OGDEN -- People packed the hallway of the Marshall White Center as they waited to find out what they could do about their breached security.
In March, hackers broke into a Utah Department of Health server and stole the Social Security numbers of up to 280,000 people statewide, as well as other less sensitive information from 500,000 others.
Since late July, department staff members have been touring the state from St. George to Logan in an effort to reach victims and give them one-on-one help if they want it.
Although the workshop for victims of the data breach was not scheduled to start until 4 p.m. at the Ogden center, many people came early and could not wait to discuss their case, staff said.
"People are anxious to take action," said Sheila Walsh-McDonald, the state data security ombudsman, who was on hand Wednesday evening for the three-hour workshop.
Staff answered any questions victims of the data breach had, checked to see if they were enrolled for one year of free credit monitoring -- courtesy of the state through the company Experian -- and walked them through enrollment if they weren't.
The workshop was the fourth stop of the department's statewide tour.
By the end of the day, the staff had met with 22 people. That turnout was the lowest number of people they had seen at one of these workshops, as staff reported that the previous three had an average of 31.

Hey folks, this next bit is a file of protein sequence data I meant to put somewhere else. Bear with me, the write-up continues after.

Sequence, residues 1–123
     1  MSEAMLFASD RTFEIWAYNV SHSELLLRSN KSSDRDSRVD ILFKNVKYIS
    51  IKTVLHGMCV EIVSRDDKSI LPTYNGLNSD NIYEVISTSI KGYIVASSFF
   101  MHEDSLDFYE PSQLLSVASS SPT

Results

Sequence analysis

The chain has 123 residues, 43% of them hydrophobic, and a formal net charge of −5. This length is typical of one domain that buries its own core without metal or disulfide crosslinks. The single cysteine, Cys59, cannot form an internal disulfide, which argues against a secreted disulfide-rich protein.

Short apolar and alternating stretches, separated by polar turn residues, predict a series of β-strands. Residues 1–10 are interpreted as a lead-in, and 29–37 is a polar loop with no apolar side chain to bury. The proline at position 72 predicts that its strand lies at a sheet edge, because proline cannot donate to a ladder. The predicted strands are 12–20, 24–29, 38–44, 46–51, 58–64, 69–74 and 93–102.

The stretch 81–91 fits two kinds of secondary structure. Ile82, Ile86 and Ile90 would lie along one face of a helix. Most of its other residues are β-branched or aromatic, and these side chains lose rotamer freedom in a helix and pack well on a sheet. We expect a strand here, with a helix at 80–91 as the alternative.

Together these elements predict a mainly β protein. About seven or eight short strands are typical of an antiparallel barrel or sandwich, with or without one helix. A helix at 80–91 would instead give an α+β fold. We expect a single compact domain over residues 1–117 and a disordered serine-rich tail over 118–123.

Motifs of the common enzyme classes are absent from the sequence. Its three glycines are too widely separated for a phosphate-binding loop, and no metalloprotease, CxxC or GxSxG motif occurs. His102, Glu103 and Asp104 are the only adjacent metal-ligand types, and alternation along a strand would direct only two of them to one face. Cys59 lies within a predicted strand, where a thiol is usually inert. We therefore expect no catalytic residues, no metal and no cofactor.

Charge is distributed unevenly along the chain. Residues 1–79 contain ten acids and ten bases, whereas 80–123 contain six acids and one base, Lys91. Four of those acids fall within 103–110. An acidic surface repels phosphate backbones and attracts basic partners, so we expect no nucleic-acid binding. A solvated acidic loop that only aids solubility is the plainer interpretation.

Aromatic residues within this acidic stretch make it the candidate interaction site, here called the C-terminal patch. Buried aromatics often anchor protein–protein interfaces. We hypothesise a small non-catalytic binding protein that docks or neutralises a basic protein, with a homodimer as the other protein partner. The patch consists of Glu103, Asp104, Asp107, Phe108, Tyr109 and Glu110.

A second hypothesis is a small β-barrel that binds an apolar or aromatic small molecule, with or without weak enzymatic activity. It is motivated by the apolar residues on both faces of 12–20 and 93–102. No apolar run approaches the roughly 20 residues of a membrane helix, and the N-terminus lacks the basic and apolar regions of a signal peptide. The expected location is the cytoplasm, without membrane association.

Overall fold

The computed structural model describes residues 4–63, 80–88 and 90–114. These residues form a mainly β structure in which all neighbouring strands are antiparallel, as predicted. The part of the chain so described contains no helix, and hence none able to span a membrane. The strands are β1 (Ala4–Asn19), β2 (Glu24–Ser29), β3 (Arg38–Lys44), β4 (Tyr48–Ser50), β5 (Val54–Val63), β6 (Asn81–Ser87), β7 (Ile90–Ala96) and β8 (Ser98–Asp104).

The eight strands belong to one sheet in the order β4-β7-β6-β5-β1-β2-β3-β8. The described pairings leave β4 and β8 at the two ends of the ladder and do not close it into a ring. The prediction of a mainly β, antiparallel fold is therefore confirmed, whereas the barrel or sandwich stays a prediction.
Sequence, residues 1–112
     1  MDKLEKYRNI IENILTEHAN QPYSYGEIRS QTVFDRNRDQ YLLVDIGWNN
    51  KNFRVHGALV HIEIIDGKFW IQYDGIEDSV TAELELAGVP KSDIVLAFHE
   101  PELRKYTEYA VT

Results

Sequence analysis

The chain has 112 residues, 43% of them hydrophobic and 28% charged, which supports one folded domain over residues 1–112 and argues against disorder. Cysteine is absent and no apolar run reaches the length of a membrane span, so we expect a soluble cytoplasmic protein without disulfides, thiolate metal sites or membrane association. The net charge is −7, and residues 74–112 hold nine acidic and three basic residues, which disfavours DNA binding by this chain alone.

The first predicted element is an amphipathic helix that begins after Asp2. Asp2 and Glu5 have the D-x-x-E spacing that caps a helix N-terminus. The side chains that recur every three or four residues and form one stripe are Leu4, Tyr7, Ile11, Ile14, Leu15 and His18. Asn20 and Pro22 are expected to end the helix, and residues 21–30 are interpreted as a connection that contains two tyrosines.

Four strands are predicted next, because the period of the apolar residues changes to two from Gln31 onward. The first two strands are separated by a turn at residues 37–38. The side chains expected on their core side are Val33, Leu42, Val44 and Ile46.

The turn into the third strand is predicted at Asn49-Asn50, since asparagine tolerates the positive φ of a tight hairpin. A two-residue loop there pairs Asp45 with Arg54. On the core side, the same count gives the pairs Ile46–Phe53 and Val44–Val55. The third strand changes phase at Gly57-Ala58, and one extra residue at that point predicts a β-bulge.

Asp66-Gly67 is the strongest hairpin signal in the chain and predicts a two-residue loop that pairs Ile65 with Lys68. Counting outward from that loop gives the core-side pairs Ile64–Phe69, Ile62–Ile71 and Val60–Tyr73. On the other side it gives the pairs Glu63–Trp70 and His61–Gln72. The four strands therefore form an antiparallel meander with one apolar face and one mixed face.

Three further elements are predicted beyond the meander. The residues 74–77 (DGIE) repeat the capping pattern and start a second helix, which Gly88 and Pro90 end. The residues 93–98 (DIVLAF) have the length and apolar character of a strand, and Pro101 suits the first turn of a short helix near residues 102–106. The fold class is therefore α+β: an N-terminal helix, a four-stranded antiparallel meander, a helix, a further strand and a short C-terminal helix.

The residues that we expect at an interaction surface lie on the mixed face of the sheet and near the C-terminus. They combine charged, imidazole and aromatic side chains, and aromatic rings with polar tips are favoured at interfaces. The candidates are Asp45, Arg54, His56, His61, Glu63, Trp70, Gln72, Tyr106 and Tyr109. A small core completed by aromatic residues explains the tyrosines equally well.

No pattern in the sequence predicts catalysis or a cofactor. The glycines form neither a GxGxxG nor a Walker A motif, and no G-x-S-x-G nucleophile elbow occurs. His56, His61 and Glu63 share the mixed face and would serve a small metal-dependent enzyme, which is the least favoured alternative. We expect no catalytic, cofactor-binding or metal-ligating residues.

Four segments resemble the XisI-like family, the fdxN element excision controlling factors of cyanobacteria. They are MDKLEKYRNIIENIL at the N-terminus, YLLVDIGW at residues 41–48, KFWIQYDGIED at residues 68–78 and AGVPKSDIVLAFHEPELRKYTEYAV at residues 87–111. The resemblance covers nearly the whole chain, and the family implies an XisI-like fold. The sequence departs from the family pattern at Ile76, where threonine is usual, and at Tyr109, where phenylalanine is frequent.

Still, that's 22 people who would not have had that personal meeting with the department, said Jill Oberndorfer, director of Utah Community Action Partnership, which helped organize the workshop.
One Ogden man, who was a victim of the breach and asked to not be named to protect his identity, was glad he came. He said the staff asked him questions he had not considered before, such as whether he might need another year of protection.
He said he has not felt any ill effects from the data breach, but his time at the session raised the concern in his mind that the hackers might use his personal information after the free year of credit monitoring runs out.
The possibility of another year of coverage is a common subject that Walsh-McDonald and the department staff is hearing from victims, and it's an issue Walsh-McDonald intends to bring back to the governor's office for consideration.
An Ogden woman, who also declined to be identified, appreciated the concern she felt from the staff for her situation. She has not seen any negative impact since the data breach either, but she walked away feeling like she knew how to go home, log on the computer and protect herself.
It only takes 10 minutes for victims to set up a free year of credit monitoring, Walsh-McDonald said.
Victims of the data breach should have received a letter explaining how to sign up, but if they did not, they can visit a website that the state set up, www.health.utah.gov/databreach, for the information.
Anyone interested in the credit monitoring must sign up by Aug. 31.
"Be smart. Be proactive. It's a very simple and easy process," Walsh-McDonald said.
Outside the tour, anyone can call a 24-hour secure hotline at 855-238-3339 or email the ombudsman office directly at firstname.lastname@example.org.
The tour's next stop is from 4 p.m. to 7 p.m. today at the North Davis Senior Activity Center, 42 S. State St., Clearfield.